Post production is a broad term that refers to everything related to video editing. It may or may not follow Production because some video programs are created without anything new being shot.
Post production generally begins with the editor ingesting all available audio and video material into the editing computer. This includes everything that was shot during production, all available archival material, any graphics or animations created by a motion designer, and perhaps even music and sound effects.
The motion designer, graphic artist, or animator may or may not be the same person as the editor. Animation is a specialized and deep field, often performed by specialists. Because it’s a time-consuming job, animators can work to a certain extent independently from the editor and they can sometimes begin their work even before the rest of the footage comes in. In fact, sometimes there is no original footage shot at all and the entire project is animated. However, it’s a fallacy that animation is cheaper than shooting live action. Animation is such a painstaking, exacting process that the per-minute price of it can rival or even exceed shooting live action.
Another fallacy is that using stock footage is a cheap way to produce a video program. Sure, it’s much cheaper to buy an aerial shot of Dubai than it is to fly there and shoot your own, but if you need a lot of footage of something that can be shot locally, especially if those shots have to work together seamlessly, consider having it shot for you. It’s difficult to find stock footage that works well with other stock footage that fits your needs perfectly. And stock footage is bought a few seconds at a time so it gets pricey when used in quantity. Think of it as spice rather than meat-and-potatoes.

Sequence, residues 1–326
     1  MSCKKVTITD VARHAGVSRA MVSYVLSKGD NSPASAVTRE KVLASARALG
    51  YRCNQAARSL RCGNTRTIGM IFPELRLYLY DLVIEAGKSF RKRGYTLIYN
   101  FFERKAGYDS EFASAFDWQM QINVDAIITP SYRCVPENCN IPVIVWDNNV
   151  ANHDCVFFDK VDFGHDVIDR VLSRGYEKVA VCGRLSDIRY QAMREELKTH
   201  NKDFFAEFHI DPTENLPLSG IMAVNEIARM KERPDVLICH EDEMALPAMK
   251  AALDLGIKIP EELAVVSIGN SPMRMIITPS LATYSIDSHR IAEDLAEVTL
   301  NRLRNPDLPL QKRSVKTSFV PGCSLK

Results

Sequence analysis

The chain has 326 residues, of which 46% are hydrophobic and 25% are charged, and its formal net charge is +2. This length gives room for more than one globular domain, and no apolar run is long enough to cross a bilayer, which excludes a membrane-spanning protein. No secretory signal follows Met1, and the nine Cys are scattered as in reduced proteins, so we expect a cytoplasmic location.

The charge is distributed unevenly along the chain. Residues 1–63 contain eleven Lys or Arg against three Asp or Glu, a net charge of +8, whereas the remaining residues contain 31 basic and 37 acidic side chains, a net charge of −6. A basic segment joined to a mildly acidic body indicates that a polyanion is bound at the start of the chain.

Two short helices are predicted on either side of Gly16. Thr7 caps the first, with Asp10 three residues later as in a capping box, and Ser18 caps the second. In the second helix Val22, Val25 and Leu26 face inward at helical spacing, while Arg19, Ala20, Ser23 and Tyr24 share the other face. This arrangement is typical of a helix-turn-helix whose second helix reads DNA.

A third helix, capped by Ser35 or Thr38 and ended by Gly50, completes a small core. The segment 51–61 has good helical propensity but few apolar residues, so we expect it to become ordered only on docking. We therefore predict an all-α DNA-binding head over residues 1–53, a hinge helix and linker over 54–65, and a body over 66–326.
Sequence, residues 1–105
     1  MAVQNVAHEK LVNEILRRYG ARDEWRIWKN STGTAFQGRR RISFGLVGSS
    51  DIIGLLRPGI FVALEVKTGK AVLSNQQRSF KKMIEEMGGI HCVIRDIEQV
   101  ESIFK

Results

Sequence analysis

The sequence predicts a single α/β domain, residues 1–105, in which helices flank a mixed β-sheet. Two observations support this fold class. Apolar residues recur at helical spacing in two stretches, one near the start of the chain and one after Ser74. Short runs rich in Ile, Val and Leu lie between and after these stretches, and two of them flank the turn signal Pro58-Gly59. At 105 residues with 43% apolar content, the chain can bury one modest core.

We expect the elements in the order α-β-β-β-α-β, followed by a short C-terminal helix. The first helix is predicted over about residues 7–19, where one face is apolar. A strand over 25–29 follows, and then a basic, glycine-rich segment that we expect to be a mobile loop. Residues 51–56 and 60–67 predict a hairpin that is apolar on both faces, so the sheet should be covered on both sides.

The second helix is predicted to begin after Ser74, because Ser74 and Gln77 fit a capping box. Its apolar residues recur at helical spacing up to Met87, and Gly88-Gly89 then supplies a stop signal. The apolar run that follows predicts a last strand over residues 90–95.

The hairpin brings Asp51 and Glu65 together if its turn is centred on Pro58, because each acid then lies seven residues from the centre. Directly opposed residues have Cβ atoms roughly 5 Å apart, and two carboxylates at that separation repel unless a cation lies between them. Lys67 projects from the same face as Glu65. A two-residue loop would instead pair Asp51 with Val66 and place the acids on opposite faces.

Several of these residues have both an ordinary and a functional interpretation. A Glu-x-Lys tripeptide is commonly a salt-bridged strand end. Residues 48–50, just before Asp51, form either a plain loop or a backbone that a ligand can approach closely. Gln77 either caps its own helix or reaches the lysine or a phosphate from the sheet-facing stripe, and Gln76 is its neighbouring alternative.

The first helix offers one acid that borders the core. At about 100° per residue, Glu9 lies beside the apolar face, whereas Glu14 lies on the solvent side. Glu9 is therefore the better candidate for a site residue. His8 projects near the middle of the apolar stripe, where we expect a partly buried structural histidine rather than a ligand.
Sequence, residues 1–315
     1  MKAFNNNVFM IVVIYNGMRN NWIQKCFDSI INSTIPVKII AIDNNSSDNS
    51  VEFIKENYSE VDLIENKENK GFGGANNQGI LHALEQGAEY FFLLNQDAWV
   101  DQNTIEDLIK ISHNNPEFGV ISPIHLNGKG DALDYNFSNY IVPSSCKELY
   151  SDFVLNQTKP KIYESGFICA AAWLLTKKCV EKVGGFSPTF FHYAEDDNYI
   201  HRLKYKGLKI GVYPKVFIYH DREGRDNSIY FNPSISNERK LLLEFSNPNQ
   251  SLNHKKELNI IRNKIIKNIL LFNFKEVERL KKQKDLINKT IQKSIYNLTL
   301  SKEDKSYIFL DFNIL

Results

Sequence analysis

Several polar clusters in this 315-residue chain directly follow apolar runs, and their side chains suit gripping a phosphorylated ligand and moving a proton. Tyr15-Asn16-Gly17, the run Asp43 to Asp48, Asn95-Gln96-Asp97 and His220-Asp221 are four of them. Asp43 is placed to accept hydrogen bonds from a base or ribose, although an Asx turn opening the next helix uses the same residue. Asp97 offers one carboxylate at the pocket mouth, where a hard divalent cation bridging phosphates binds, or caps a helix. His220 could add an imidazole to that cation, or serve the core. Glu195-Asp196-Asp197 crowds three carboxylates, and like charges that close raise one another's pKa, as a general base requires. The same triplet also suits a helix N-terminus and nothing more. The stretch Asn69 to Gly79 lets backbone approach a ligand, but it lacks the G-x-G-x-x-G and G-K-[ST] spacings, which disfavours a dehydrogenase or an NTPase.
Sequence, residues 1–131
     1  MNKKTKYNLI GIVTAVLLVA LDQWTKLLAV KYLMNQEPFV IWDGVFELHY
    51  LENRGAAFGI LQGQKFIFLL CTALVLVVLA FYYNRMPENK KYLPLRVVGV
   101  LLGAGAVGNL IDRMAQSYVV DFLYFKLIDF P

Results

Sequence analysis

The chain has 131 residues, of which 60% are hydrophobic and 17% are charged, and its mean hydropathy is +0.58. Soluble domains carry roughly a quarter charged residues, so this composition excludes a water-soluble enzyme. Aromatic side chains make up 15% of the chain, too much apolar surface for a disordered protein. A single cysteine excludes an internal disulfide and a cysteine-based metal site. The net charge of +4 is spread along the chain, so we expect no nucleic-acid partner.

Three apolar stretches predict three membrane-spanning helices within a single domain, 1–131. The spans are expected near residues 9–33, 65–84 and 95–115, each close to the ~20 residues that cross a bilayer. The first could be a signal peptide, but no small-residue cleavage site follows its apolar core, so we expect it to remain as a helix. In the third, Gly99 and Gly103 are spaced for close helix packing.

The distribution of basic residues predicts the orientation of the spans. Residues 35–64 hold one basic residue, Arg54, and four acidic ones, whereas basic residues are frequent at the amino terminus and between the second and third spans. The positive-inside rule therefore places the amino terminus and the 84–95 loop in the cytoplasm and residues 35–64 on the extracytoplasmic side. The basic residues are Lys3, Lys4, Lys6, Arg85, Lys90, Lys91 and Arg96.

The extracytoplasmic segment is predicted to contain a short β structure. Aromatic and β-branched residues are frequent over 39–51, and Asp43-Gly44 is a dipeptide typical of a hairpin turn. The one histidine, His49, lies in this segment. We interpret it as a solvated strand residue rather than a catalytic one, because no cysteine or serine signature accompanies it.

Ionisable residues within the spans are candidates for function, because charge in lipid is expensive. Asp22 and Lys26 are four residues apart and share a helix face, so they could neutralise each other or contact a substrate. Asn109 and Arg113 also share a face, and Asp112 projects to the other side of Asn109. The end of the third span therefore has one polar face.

The editor brings all these elements together: original footage, graphics, stock photographs or footage, and music (stock library or original). They then create the first cut of the program itself. This cut is often shared electronically with the client for their review and feedback, but sometimes the client and/or director is present while the editor works, so the client can give instant feedback. In the business video world the editor is often the producer/director.
One way or another the first cut of a program is shared, feedback is given and revisions are made. Typically this loop repeats three times before the program’s content and pacing are tweaked to perfection. But this does not finish the video program.
Once “the picture is locked” a good editor will take one more pass through the program to optimize the colors of each scene so that the image quality remains constant from shot to shot. Sometimes a professional colorist is called upon to do this phase of post production. Likewise, sound should be tweaked for a perfect balance between dialogue, narration, music and sound effects. This is called sound sweetening and it can also be done by specialists at a dedicated sound mixing facility. But in most business video production the editor does both the color grading and the sound sweetening because basic tools for accomplishing this are already built into modern editing software.
Post production is where the magic of video comes together. It is a process with many steps, resulting in a video program ready to be shown to the audience.